heated (Model FHT-, Master Appliance Corporation, Racine, WI) to the minimum extent necessary (- 50°C) to vaporize the test material.

Chamber Monitoring:
Airflow through each chamber was determined with a manometer. The manometer was calibrated with a DTM-115 gas meter
(Singer Aluminum Diaphragm Meter, American Meter Division, Philadelphia, PA) prior to the start of the study. Temperature, relative humidity and airflow values were recorded every 30 minutes during the 4-hour exposure period. The concentration of the test material was determined at 30
minute intervals with an infrared spectrophotometer (Foxboro/Wilks, South Norwalk, CT) at a wavelength of 12.8 urn (major absorption band for cis-DCP). The analytical equipment was calibrated with vapor standards of known concentrations. Vapor standards were prepared by injecting measured volumes of liquid test material into bags made of SARAN" film which contained measured volumes of dry, compressed air. The analytical system was checked prior to each exposure with at least one standard of known concentration. The nominal concentration (ratio of test material used to the total chamber airflow through the chamber) was calculated daily for each chamber. Prior to exposure of animals to cis-DCP, the distribution of test material was determined from at least 5 sample points in the breathing zone and the reference point in the chamber.

Exposure Concentration:
Groups of 5 male and 5 female rats were exposed for 4-hours to target concentrations of 600, 800 or 1000ppm which correspond to
analytical concentrations of 573, 771, or 1020 ppm cis-DCP. The additional exposures were performed at the request of the sponsors to meet OECD guidelines.

Observations and Criteria of Response:
Animals were weighed and examined prior to exposure to the test material; this included a penlight ophthalmic examination by a laboratory veterinarian. All animals were observed during the exposure period (not always possible due to cage placement) and daily (except weekends or holidays) during the two-week post-exposure period. The observations included an evaluation of fur, eyes, mucous membranes, and respiration. Behavior pattern and nervous system activity were also assessed by specific observation for tremors, convulsions, salivation, lacrimation, and diarrhea, as well as lethargy and other signs of altered central nervous system function. Daily observations in the morning and routine monitoring on weekends and holidays were limited to the removal of dead animals and husbandry procedures required to ensure the availability of food and water. All surviving rats were weighed on test days 2, 4, 8, 11, and 15 during the two-week post-exposure period. All rats were submitted for a complete gross necropsy examination. Tissues were not saved.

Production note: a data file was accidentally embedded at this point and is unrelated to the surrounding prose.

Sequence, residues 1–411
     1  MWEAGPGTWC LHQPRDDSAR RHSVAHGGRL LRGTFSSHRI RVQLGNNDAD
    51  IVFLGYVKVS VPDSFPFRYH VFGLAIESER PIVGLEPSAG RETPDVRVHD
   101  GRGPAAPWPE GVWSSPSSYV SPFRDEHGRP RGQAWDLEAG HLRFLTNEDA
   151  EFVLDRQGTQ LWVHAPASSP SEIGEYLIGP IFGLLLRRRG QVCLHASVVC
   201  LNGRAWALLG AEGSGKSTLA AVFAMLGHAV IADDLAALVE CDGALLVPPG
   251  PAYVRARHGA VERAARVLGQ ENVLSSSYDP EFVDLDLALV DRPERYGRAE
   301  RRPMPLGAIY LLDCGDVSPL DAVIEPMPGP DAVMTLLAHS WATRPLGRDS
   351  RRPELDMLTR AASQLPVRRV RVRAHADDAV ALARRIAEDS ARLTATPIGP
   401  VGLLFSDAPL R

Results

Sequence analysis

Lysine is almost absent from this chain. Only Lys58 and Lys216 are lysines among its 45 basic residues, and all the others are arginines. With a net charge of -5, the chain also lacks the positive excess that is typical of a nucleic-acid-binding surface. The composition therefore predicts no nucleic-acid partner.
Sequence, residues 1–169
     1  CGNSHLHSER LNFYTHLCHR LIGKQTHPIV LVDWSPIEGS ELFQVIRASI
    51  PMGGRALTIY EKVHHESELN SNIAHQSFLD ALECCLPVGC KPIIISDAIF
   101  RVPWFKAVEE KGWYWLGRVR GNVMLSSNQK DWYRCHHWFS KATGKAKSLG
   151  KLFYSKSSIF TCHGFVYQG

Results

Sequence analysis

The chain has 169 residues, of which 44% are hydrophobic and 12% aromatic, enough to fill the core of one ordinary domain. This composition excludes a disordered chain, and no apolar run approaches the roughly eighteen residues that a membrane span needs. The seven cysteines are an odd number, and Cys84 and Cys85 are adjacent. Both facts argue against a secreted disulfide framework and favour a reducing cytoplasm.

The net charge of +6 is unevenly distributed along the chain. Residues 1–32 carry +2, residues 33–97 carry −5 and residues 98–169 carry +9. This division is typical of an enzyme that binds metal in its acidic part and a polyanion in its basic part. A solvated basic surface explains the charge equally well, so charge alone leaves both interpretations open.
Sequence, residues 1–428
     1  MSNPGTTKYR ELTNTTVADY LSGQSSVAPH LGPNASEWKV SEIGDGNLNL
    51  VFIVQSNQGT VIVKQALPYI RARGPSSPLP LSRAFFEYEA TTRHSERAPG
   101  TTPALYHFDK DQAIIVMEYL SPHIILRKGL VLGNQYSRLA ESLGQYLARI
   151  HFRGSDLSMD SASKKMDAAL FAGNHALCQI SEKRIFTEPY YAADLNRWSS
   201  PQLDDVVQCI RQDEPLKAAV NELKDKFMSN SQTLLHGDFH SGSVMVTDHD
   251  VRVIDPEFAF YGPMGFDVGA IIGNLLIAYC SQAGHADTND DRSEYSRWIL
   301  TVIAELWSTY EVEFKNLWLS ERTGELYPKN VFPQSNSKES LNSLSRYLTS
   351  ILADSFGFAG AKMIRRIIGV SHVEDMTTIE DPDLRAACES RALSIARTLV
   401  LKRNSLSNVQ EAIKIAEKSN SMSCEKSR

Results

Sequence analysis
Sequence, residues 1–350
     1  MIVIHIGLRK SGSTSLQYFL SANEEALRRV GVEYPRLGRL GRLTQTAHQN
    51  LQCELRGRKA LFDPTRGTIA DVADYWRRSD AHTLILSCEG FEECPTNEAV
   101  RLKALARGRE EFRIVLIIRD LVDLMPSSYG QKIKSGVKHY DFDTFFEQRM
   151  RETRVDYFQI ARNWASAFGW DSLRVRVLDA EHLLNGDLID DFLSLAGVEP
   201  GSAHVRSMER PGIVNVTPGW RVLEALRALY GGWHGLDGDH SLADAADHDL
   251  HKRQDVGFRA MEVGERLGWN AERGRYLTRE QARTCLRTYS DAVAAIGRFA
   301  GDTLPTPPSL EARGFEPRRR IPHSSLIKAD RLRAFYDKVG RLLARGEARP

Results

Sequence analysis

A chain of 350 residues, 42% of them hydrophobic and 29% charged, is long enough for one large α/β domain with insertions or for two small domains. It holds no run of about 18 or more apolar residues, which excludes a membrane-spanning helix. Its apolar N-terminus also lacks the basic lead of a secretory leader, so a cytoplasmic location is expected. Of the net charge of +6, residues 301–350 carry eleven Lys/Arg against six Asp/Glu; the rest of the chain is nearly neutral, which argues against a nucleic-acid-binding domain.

Statistics:
Means and standard deviations of body wieght and chamber temperature, relative humididty and airflow were caluclated. The LC50 was determined by non-linear interpolation (Stephan 1977).

Results and discussion

Effect levelsopen allclose all
Sex:
male
Dose descriptor:
LC50
Effect level:
670 ppm
Based on:
test mat.
Exp. duration:
4 h
Sex:
female
Dose descriptor:
LC50
Effect level:
744 ppm
Based on:
test mat.
Exp. duration:
4 h
Mortality:
All animals died during or shortly after exposure to 1020 ppm. In the 771 ppm exposure group, 2 male rats died during or within 30 min of exposure and 3 more males and 3 females died within the first 4 days of the 2-week observation period. All rats in the 583 ppm exposure group survived.
Clinical signs:
other: All animals exposed to 583, 771, or 1020 ppm had labored breathing, at the lowest concentration, the labored breathing was reversible and not observed 2 h after exposure. Several animals exposed to 583 pppm were noted to have eye irritation during the ex
Body weight:
Body weights for 2 surviving female rats were decreased following expsoure to 771 ppm. However both females were gaining weight by day 15. Body weights of rats exposed to 583 ppm decrease 11-13% on test day 2, but were gaining weight by test day 8.
Gross pathology:
5 animals exposed to 1020 ppm had corneal opacities noted at necropsy. Pulmonary edema was noted in all rats exposed to 1020 ppm and 3 animals exposed to 771 ppm. 2 animals exposed to 771 ppm exhbited hydrotorax, and several animals exhibited facial soiling and perineal soiling. There were no grossly visible lesions noted in animals surving until the end of the 2-wk post-exposure period.

Applicant's summary and conclusion

Interpretation of results:
not classified
Remarks:
Migrated information Criteria used for interpretation of results: EU
Conclusions:
The approximate LC50 for male and female rats is 670 and 744 ppm cis-DCP, respectively, based on nonlinear interpolation.
Executive summary:

A GLP-compliant study has been conducted according to OECD Guideline 403. The approximate LC50 for male and female rats is 670 and 744 ppm cis-DCP respectively based on non linear interpolation.